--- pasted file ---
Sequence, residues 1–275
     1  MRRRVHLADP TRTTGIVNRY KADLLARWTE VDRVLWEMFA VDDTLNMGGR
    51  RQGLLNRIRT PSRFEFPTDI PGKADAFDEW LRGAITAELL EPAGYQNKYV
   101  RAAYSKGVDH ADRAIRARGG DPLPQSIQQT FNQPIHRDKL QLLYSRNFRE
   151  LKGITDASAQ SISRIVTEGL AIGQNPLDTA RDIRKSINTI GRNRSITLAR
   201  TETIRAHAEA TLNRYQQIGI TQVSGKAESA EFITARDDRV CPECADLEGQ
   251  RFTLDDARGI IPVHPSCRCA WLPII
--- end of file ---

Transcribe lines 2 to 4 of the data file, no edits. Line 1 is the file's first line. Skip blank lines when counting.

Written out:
     1  MRRRVHLADP TRTTGIVNRY KADLLARWTE VDRVLWEMFA VDDTLNMGGR
    51  RQGLLNRIRT PSRFEFPTDI PGKADAFDEW LRGAITAELL EPAGYQNKYV
   101  RAAYSKGVDH ADRAIRARGG DPLPQSIQQT FNQPIHRDKL QLLYSRNFRE